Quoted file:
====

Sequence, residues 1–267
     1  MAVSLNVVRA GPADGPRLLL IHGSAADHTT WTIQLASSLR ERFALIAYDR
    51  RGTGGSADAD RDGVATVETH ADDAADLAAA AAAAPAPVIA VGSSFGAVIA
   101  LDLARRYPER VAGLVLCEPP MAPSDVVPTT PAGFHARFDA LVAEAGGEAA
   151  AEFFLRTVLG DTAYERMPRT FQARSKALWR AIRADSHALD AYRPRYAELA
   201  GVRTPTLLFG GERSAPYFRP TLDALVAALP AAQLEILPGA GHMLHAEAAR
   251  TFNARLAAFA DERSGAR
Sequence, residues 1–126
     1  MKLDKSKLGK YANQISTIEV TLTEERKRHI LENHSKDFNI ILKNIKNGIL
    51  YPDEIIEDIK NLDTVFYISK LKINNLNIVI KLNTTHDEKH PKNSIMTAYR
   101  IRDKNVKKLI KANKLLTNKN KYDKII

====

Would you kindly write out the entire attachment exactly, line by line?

Sequence, residues 1–267
     1  MAVSLNVVRA GPADGPRLLL IHGSAADHTT WTIQLASSLR ERFALIAYDR
    51  RGTGGSADAD RDGVATVETH ADDAADLAAA AAAAPAPVIA VGSSFGAVIA
   101  LDLARRYPER VAGLVLCEPP MAPSDVVPTT PAGFHARFDA LVAEAGGEAA
   151  AEFFLRTVLG DTAYERMPRT FQARSKALWR AIRADSHALD AYRPRYAELA
   201  GVRTPTLLFG GERSAPYFRP TLDALVAALP AAQLEILPGA GHMLHAEAAR
   251  TFNARLAAFA DERSGAR
Sequence, residues 1–126
     1  MKLDKSKLGK YANQISTIEV TLTEERKRHI LENHSKDFNI ILKNIKNGIL
    51  YPDEIIEDIK NLDTVFYISK LKINNLNIVI KLNTTHDEKH PKNSIMTAYR
   101  IRDKNVKKLI KANKLLTNKN KYDKII